Texas Hold ‘Em: Lt. Gov. Asks AG to Clarify Gun Laws for Churches

Roughly one month after the mass shooting in the First Baptist Church in Sutherland Springs, Texas, the Texas Lieutenant Governor Dan Patrick requested the State’s attorney general to clarify the state’s gun laws for church security. Of the shooting, Patrick remarked, “an immense tragedy, the likes of which I pray to never see again. I know many are thankful for the Texan who stopped this attack through the exercise of his Second Amendment rights.”

(The shooter was confronted by a former NRA instructor, Stephen Willeford, of Sutherland Springs, who struck the killer twice and caused him to flee from the scene.)

The Lt. Governor added, “our state laws provide more protection than many Texans realize” and asked the AG to clarify the law specifically related to whether or not:

  1. handgun license holders can carry their handguns on the premises of a church that does not post signs excluding handguns; and
  2. the Legislature waived the private security fee for churches that Texas charges to private institutions when it passed Senate Bill 2065 in the last legislative session.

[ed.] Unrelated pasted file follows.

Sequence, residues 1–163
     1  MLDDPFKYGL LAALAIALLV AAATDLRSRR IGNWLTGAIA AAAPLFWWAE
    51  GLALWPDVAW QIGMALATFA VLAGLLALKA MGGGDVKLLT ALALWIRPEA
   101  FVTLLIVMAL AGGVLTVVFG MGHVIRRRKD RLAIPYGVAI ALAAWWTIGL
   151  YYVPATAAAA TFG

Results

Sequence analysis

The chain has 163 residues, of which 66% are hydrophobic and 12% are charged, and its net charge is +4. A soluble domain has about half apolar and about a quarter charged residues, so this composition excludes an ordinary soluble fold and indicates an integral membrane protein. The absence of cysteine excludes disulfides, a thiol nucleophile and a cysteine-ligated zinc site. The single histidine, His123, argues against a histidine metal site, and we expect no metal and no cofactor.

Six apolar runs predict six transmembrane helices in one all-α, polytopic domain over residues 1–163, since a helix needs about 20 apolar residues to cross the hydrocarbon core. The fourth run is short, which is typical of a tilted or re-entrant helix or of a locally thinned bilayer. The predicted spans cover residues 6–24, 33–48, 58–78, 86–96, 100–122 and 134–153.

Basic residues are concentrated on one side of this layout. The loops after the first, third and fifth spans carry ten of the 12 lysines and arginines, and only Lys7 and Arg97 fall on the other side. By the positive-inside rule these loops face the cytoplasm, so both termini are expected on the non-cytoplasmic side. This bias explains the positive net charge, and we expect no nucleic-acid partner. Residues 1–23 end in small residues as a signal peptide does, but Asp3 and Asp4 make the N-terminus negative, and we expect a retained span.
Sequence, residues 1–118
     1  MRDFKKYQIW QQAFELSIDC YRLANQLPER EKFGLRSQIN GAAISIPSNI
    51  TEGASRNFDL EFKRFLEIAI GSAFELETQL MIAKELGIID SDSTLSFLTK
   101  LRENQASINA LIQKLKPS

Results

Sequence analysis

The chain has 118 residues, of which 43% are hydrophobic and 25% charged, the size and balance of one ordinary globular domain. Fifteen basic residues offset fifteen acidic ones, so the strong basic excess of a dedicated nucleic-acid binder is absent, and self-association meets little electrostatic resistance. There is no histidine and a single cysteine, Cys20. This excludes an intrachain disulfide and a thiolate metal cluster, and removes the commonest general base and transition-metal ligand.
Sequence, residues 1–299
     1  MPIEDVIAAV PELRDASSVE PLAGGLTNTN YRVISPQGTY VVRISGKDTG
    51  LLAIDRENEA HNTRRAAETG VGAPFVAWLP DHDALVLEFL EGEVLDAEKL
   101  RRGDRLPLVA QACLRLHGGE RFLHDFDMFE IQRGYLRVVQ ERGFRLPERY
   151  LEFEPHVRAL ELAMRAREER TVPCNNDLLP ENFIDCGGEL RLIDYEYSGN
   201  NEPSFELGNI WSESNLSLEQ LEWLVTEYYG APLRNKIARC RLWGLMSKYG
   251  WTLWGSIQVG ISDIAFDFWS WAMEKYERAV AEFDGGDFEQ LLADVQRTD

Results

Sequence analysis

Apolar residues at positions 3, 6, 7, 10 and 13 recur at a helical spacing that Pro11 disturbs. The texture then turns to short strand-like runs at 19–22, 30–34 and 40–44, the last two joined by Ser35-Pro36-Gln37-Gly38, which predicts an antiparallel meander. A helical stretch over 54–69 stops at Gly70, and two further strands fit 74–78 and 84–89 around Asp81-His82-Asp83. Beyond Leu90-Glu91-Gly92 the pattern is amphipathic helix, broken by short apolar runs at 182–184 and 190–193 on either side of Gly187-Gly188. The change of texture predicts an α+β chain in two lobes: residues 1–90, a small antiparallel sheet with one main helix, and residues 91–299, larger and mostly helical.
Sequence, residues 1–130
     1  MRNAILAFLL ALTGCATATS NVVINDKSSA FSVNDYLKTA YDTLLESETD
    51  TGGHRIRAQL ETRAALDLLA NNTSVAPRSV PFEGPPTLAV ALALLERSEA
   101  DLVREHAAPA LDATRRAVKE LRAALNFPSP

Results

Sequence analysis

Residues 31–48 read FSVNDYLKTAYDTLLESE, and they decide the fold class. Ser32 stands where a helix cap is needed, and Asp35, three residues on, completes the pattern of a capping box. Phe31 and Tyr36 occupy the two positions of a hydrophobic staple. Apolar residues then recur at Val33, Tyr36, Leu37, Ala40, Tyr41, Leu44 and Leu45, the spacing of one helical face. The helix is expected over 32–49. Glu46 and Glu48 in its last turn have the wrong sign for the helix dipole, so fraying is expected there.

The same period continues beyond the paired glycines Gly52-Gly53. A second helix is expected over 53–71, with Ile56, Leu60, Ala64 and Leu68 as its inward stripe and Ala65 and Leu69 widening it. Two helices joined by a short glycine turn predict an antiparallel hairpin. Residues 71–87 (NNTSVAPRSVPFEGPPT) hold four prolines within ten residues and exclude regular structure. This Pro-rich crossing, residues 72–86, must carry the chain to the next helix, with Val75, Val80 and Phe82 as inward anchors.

Patrick argues:

Texans who are licensed to carry a handgun may carry their handgun at church, unless a church property posts a handgun exclusion sign, but confusion seems to exist over this topic because section 46.035(b)(6) of the Texas Penal Code says that a handgun license holder commits an offense by carrying ‘on the premises of a church, synagogue, or other established place of religious worship.’

Patrick also requested clarification related to the ability of Texas churches to assemble volunteer teams without having to pay fees or follow other gun regulations. He asked the Lt. Gov. to “expedite this request so that churches may know what legal options they have to improve their security.”

Patricks request came around the same time that several hundred pastors, church leaders, and law enforcement personnel attended a security workshop in Houston. The Houston Police Officer Union building housed the workshop hosted by the Houston Area Pastor Council and the Texas Pastor Council.

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